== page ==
Informal protectorate

In September last year, Ugandan academic Prof Mahmood Mamdani caused a stir in South Sudan when he said that the September peace agreement was only meant to benefit Uganda and Sudan.

“South Sudan is on its way to becoming an informal protectorate of Sudan and Uganda. By formally acknowledging them as ‘guarantors,’ the agreement recognises their strategic role in determining the future of South Sudan: Ugandan troops are physically present to support President Kiir’s faction, and Sudan provides critical support to opposition groups, including those led by Dr Machar,” wrote Prof Mamdani in an article published in the New York Times.

But the UN is determined to see the deal implemented. The head of the UN Mission in South Sudan and Special Representative of the Secretary-General, David Shearer, has been touring the region for the past two months to encourage the international community to get behind the peace process and push it forward.

On April 4, the UN announced $11 million of emergency aid to help displaced families return home.

The funding from the UN Central Emergency Response Fund targets 268,000 women, men and children who had been internally displaced by the conflict. The money will cater for food, shelter and other basic necessities.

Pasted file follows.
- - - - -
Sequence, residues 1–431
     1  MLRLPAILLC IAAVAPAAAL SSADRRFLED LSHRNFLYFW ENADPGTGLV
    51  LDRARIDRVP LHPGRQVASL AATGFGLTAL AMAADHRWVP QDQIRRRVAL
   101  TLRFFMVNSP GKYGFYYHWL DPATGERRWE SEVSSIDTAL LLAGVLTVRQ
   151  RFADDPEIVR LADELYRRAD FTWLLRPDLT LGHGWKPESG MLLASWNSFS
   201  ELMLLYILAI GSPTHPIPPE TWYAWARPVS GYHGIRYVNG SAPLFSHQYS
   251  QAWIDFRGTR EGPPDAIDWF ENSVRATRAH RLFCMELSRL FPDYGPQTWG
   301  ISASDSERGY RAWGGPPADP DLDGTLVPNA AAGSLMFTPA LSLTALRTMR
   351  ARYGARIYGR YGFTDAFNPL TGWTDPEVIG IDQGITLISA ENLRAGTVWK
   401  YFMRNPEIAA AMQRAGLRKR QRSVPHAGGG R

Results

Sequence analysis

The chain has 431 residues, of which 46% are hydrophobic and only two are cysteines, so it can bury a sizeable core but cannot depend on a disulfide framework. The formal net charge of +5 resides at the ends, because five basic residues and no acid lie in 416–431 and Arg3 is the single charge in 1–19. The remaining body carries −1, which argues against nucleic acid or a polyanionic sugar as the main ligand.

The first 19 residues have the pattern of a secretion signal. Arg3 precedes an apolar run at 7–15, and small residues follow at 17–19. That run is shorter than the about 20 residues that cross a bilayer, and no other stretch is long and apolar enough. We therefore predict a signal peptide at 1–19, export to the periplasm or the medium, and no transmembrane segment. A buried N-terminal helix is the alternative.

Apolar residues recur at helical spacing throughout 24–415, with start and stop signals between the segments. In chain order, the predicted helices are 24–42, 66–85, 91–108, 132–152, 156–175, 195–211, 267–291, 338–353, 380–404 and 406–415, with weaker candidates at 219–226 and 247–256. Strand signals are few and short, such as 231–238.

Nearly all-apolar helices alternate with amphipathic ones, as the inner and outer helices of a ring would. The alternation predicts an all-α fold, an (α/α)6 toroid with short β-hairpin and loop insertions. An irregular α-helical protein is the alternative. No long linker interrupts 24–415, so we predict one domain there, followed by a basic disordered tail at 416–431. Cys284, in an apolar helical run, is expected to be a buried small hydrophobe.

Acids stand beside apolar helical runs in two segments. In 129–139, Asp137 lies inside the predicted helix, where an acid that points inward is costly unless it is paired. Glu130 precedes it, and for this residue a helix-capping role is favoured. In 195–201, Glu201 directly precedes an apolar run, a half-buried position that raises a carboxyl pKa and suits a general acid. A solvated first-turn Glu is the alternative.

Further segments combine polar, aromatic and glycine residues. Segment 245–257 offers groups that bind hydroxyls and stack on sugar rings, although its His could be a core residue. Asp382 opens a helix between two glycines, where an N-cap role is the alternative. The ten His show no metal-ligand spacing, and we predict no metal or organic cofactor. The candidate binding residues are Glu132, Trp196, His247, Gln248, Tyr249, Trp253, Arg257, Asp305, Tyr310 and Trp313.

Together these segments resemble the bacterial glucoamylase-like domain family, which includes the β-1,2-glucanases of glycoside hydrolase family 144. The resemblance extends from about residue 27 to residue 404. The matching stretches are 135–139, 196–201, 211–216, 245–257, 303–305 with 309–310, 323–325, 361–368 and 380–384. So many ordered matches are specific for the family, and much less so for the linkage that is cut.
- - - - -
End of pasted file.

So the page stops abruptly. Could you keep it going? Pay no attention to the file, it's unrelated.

Sceptics however feel that South Sudan still faces multiple implementation challenges. The provision to train and form a united national army within the eight-month pre-transition period is yet to be implemented.

A recent report by the International Crisis Group proposed a delay in the formation of the transitional government after the eight months pre-transition period to address challenges such as security.

Besides, it has not been possible to get the armed groups that refused to sign the agreement to do so. Lack of strong external guarantors and financiers also remains a challenge.

John Pen, who represented the civil society during the peace talks in Khartoum, told The EastAfrican that Juba is desperate for funds after the Troika refused to release money without a political guarantee of a lasting peace.